Tips for Overcoming Procrastination

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by Dana on June 27, 2012

Today I’d like to respond to a question that I received via Twitter. One of my followers recently asked me if I had any tips for overcoming procrastination…So here goes.

In my experience, people procrastinate for one of three reasons, so first you need to figure out why you’re procrastinating because it will drive which strategy you use.

Reason #1: Either you’ve set the wrong goal—or you’re focused on the wrong “why.”

Are you trying to force yourself to do something that you think you should be doing—or are you working toward a goal that you genuinely want? If it’s something you think you should be doing, I recommend that you stop right now. It’s never going to work. Achieving a goal requires commitment, hard work and sacrifice—and without a strong, internal drive to keep you motivated, it will be a painful, uphill climb the whole way.

Or sometimes you have the right goal, but your “why” is off. Your big “why” is the real reason you want to achieve your goal. So you want to make sure that it’s truly compelling for you. So for example, say you want to lose weight. One person’s “why” might be that she wants to fit into a particular outfit—while another person’s might be that she wants to feel healthy and have more energy. So you’d need to figure out which “why” is strong enough to keep you going.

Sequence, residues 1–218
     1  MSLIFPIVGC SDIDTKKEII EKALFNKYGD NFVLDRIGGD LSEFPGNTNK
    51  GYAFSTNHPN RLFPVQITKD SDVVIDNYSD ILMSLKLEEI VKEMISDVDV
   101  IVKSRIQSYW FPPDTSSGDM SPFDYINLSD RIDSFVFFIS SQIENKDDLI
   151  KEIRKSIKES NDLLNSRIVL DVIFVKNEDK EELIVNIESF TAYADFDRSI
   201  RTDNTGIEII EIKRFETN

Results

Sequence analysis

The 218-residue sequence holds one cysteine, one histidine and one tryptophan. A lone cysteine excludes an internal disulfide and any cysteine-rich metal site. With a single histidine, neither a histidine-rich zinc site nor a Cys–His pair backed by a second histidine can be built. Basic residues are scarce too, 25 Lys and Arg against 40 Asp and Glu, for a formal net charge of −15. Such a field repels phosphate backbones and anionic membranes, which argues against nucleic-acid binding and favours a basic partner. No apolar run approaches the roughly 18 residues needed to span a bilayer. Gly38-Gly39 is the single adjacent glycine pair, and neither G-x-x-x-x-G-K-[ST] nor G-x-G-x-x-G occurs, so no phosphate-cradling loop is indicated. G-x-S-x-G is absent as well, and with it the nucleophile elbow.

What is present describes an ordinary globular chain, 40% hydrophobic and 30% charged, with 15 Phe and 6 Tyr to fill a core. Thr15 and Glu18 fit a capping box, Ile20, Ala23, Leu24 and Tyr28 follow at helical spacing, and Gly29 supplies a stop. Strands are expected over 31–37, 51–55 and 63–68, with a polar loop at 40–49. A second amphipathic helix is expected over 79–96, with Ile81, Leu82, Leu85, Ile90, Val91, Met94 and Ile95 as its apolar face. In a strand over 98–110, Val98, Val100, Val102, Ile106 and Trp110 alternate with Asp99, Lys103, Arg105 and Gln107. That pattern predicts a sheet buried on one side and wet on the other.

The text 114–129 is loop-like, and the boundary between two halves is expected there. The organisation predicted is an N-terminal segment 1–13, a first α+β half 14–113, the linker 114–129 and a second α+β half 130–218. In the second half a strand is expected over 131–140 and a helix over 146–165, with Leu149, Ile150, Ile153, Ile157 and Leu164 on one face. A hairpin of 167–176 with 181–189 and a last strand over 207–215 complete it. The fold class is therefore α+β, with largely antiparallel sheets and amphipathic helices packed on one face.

Reason #2: You’re afraid you’re going to fail.

Many people live in fear of making a mistake or failing. But think about the great, successful people of our time. They’re all people who have allowed themselves to take big risks—and sometimes fail. I’m a fan of the phrase, “go big or go home.” Remember, there’s always a risk involved with any decision—the risk of taking a chance and venturing into the unknown—or the risk of regret if you don’t take the chance. When given the choice, 9 times out of 10 I say be bold and take a leap!

Reason #3: You’re overwhelmed.

The final reason that people tend to procrastinate is that they’re just too overwhelmed by all that has to be done. When this is the case, I recommend these three strategies:

  1. Break the project into small steps—and only allow yourself to focus on the immediate next step that you need to take. It will make everything seem more do-able.
  2. Create positive habits to support you in achieving your goal. So—using the example above—if you want to lose weight, make sure you build exercise into your regular schedule. This way you don’t even have to think about it; it becomes something that you do naturally.
  3. Find someone to hold you accountable—either a coach or a friend who can serve as your “accountability buddy.”

Do you have any more tips for overcoming procrastination? If so, I’d love to hear them. Please share in the Comments Box below.